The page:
The facts were clear, doubled dies continued to get created (though at a greatly reduced rate) via the single-squeeze process within the RCM -- so there was no reason to suspect they wouldn't continue to be produced within the US Mint.
    Additionally, while high-level officials that sit in front offices at the US Mint claim hub doubling cannot happen within the new process, at least two Mint technicians, (who have asked to remain anonymous and who have a working knowledge of the process), say it can and does occur.  During VIP tours at the Mints, variety coin specialist, Christopher Pilliod was told that at the Philadelphia facility and specialist Frank Zapushek was advised the Denver Mint that that hub doubling could still occur.   The Mint employee that talked to Zapushek even went so far as to describe the "clunk" that a cockeyed die makes when it is forced flush into the chuck (that holds the die blank in place) by the pressure of the hub!
    It is my current position that unless the Mint produces some awfully compelling information to make me reverse my decision -- that the 2003 cents with "wavy steps" are in fact doubled dies!
    Collectors should be aware of the fact that whatever caused the two varieties shown on this page may have caused many other similar varieties.  So far we have examined three different examples and all three are from different dies with appearances that vary enough for us to ascertain that they are not from a doubled master die.  Billy Crawford's finds also all appear to be from different dies.  Though I have yet to see the actual coins -- the images of two of the varieties that Crawford supplied are show that both are different.  Variety attributer, John Wexler (who has studied five of Crawford's coins) has stated they are all from different dies.  If fact, we predict there could be hundreds of different dies involved in varying strengths!
    The ease in which they have been found thus far is suggestive of the fact that many more will be found.  Kuykendall found his specimen on the one-and-only 2003 cent he was able to examine while stationed overseas.  I found my example on the first of two 2003 cents I examined.  Billy Crawford, the most aggressive searcher so far, has found at least five to date.  In an November 20 email from Crawford he states:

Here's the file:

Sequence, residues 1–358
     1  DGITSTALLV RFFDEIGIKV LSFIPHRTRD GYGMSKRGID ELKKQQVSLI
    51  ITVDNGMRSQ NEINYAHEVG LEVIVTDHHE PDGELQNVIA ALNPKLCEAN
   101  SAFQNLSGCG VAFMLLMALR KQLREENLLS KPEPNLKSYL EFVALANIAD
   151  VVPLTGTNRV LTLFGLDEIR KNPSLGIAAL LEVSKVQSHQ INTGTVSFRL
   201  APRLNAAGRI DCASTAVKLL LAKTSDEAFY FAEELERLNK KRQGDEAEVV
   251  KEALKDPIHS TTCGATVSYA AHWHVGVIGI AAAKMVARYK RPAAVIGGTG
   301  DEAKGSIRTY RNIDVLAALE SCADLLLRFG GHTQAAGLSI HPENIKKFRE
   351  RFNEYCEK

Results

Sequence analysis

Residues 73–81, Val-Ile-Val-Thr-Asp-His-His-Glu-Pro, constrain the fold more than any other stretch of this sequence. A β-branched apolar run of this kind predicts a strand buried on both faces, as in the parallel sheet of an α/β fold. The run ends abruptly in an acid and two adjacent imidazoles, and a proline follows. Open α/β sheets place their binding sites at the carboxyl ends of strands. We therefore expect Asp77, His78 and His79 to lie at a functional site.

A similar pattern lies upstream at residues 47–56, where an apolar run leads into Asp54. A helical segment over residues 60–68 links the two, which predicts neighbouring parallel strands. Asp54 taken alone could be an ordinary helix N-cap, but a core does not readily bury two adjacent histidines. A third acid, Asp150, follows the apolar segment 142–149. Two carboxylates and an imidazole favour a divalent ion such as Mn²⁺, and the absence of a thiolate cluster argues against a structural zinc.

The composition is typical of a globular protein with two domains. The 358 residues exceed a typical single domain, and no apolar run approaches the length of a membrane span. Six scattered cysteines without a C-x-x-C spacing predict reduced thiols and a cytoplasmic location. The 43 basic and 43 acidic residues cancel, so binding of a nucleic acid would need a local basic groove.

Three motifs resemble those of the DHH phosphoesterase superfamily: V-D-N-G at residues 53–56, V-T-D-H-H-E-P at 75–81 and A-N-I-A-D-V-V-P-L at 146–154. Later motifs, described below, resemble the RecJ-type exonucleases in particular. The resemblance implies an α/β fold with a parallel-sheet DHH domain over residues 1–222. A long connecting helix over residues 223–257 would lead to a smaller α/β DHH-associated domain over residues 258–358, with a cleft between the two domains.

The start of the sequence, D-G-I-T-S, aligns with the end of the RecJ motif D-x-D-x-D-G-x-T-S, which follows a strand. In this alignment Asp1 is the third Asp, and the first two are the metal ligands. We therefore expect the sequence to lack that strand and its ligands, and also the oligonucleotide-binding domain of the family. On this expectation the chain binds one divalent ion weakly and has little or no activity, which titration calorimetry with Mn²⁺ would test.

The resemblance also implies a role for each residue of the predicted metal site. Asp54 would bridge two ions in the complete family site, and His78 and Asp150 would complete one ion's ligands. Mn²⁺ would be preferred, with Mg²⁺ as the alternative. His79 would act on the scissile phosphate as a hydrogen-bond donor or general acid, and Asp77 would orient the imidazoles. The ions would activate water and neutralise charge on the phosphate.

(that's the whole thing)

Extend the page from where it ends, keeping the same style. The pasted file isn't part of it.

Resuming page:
"I found a total of four in a $25 box of circulated bank wrapped rolls obtained from my local bank. I would estimate that each roll probably had about 10-15 or so coins of the      2003 Lincoln cents mixed in with the other various dates of the roll." 

    That would mean that on average, one out of about every 156, 2003 dated cents that he searched bore a doubled die reverse.  Certainly not as easy pickings as finding them on the first coin searched, but still rather prolific (though we reiterate that we believe that each of his finds represents a different die).
    Another submitter, Duane Bauer, who sent an example in early December stated that he found his first example out of about 40, 2003 cents that he had saved in April.  He stated further, that more recently he found three more examples from "two different dies" out of about 20 coins searched.
    It will take more searching of far more coins all over the country to ascertain if numbers of different dies continue to get discovered and just how widespread the distribution of certain strong varieties may be.  We are of the opinion that only the strongest of dies has any possibility of obtaining significant value.

*The second person that we made mention of in our Sept 20 article, eventually sent his coin in for exam and it has been determined that the variations to the steps on his coin were due to unrelated causes not significant to this discussion.   

The original article on this topic that occupied this URL
has been moved to: 2003 Cents w/Wavy Steps

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Ken Potter
P.O. Box 760232
Lathrup Village, MI 48076-0232

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Numismatist Since 1959 ~ Serving the Collector Since 1973
CONECA's Longest Serving Doubled Die Attributer